Hospitalization can be a challenging experience for many patients and their loved ones. They go to the hospital to be cared for, yet the hospital environment is not always conducive to healing.

Rest can be particularly difficult to obtain in the hospital: Patients are in an unfamiliar place, noise levels are often higher than at home (they are, in fact, often double the World Health Organization’s standard decibel guidelines for patient rooms), and routine care practices, such as early morning blood draws, can significantly impact sleep and sleep patterns. Numerous studies confirm that sleep disruptions are prevalent among inpatients and can be associated with negative health outcomes, including elevated blood pressure and delirium. One patient said it best in a recent healthcare experience survey: “If I can’t rest, I can’t heal.”

Improving the quality and quantity of sleep not only improves patient well-being, it also enables patients to heal more quickly, thereby shortening hospital stays and reducing unnecessary resource expenditure. As healthcare continues to move from volume to value-based care models, considering patient experience and its impact is essential. For the well-being of our patients – as well as the sustainability and enhancement of our hospitals – we must identify and redesign practices that detract from healing, and replace them with patient-centered solutions that hardwire humanity and healing back to the healthcare experience.

Admittedly, this is not an easy task. Alarms and other sounds, vital sign checks, blood draws, and bright lights ex.ist in hospitals for a reason and are all part of the standard of care. Fortunately though, there are industry thought leaders, frontline staff and emerging innovators who are disrupting the status quo and championing the next standard of care to place patients at the center.

Incessant Alarms

Anyone spending time on a hospital floor will quickly notice the constant chirping, beeping, and chiming of a wide variety of alarms. Not only do these sounds disrupt patient sleep, they can also create unnecessary concern and anxiety for patients and their loved ones. While these alarms are in place to help automate patient care, medical monitors can sound if a patient simply moves a certain way, creating an environment of constant interruption. Incessant alarm noise can also impact medical staff well-being and their care delivery. The Joint Commission estimates that 85-99 percent of alarms do not require immediate clinical intervention. Alarm fatigue can quickly cause care teams to become immune to alarm sounds.

Identifying and implementing an efficient alarm-management solution can go a long way toward improving patient safety and experience, as well as helping hospitals address alarm fatigue. An intelligent, integrated solution can enable clinicians to quickly prioritize and respond to critical alarms based on contextual evidence sent directly to their device of choice such as a wearable device, smartphone, tablet or workstation, while providing a quieter atmosphere for patients.
Disruptive Blood Draws

In the United States alone, hospital inpatients experience needle sticks for blood draws approximately 350 million times annually. Data suggest that half of morning blood collections occur between 3:00 a.m. and 8:00 a.m. These moments create pain and anxiety for many patients, and can also – as one might imagine – be extremely disruptive to sleep.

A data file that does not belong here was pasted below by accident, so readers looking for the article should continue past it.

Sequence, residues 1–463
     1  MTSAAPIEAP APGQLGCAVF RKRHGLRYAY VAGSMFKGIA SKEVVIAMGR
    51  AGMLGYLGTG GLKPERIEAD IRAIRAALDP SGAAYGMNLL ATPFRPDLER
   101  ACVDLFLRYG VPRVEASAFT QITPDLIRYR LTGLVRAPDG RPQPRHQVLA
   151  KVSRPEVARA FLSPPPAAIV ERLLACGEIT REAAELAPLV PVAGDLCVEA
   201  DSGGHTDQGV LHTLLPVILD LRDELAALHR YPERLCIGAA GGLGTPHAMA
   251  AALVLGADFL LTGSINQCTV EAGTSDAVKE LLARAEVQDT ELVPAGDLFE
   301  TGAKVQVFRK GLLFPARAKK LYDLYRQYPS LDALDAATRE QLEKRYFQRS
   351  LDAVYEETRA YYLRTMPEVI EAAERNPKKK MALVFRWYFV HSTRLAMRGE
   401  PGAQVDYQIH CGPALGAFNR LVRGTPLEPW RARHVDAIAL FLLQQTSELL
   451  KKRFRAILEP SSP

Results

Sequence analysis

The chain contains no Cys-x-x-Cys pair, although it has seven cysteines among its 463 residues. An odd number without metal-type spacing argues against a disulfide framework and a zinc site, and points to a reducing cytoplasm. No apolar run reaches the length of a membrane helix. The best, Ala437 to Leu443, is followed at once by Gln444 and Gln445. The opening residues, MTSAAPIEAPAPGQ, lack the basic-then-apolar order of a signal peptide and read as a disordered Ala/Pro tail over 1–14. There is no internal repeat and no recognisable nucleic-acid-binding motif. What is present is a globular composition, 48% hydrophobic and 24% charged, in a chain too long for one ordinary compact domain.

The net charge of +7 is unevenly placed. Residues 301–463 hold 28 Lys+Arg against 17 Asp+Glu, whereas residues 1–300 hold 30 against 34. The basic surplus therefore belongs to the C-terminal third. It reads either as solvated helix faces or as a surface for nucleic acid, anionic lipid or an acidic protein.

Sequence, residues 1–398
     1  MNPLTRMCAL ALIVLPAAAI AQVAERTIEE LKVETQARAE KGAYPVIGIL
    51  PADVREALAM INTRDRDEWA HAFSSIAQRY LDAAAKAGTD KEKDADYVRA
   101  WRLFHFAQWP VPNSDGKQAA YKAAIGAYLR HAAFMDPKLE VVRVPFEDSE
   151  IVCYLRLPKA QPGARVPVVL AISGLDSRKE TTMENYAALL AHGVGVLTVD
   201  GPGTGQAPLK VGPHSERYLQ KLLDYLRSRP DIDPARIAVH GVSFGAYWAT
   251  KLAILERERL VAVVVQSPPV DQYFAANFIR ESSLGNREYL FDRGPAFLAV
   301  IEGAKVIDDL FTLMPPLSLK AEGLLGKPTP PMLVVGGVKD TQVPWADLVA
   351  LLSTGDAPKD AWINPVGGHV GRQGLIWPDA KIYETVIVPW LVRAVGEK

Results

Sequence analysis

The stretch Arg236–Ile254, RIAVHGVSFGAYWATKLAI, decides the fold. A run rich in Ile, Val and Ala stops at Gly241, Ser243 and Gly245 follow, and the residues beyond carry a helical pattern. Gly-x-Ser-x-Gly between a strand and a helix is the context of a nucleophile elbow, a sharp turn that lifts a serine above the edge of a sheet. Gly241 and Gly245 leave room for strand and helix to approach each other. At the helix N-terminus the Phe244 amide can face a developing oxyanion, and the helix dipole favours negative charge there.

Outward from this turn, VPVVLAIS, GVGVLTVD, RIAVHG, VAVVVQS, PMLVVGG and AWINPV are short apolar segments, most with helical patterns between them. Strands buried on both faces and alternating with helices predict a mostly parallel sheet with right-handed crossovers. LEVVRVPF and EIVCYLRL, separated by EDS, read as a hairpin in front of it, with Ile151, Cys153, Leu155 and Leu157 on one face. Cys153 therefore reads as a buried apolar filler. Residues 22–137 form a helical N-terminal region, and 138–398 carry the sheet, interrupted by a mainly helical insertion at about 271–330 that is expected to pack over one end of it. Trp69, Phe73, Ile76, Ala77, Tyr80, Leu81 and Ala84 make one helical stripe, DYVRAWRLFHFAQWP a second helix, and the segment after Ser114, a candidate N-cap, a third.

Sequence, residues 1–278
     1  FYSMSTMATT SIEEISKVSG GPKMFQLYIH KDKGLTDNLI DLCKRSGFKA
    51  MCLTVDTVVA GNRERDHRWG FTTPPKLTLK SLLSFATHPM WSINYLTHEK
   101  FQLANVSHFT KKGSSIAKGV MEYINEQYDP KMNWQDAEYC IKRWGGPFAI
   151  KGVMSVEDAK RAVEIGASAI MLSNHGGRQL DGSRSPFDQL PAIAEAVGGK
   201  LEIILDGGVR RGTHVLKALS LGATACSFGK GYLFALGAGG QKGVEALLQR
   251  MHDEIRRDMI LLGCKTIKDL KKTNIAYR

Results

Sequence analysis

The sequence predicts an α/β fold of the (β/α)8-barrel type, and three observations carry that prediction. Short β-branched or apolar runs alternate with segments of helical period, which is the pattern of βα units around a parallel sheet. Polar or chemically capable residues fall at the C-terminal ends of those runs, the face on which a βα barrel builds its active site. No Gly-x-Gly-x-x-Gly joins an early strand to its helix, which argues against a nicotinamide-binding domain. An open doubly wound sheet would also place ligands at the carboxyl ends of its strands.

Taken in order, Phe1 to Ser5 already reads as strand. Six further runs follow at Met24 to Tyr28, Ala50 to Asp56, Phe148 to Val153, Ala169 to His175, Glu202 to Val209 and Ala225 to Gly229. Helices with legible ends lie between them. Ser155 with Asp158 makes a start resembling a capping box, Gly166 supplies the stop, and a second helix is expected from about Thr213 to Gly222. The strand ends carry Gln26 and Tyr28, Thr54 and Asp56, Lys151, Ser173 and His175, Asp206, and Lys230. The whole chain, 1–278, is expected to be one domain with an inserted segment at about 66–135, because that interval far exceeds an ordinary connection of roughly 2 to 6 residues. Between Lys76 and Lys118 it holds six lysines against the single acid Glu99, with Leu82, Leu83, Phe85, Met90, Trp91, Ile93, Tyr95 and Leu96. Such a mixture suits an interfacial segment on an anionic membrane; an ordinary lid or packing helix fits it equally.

Finding ways to make blood draws more tolerable will help patients rest more easily. There are a number of technologies and process changes currently in development to address this need. For patients who already have an IV in place, an FDA-cleared technology developed by Velano Vascular now exists that allows blood to be drawn from the IV with no additional needle sticks. Patients need not be roused from rest with the pain of a needle stick – or fall asleep dreading that early morning blood draw. For the one in 10 patients who are needle-phobic, this benefit can be particularly profound to their overall experience and healing.

Noisy Communication

Overhead paging, which was the first broad communication system used in hospitals, can be particularly disruptive to a patient who is trying to rest. Use of wireless systems, including more advanced communication technology such as smartphones and wearable devices, not only make it easier and faster to connect the right person with the right information, but these mobile devices also reduce overall hospital noise levels, allowing less distractions and presumably more sleep for patients. Eliminating overhead paging is relatively simple solution with today’s technology.

There are too many processes and systems in hospitals today that burden patients, family and staff. Hospitals must map the gaps in their care experiences and identify ways to remove these barriers to create ideal healing and working environments. New standards of care must be designed and innovations must be deployed that enhance patient healing and humanize the healthcare experience.

Bridget Duffy, MD, is the Chief Medical Officer of Vocera Communications, Inc., Co-Founder of ExperiaHealth and the Experience Innovation Network, and an Advisory Board Member at Velano Vascular.

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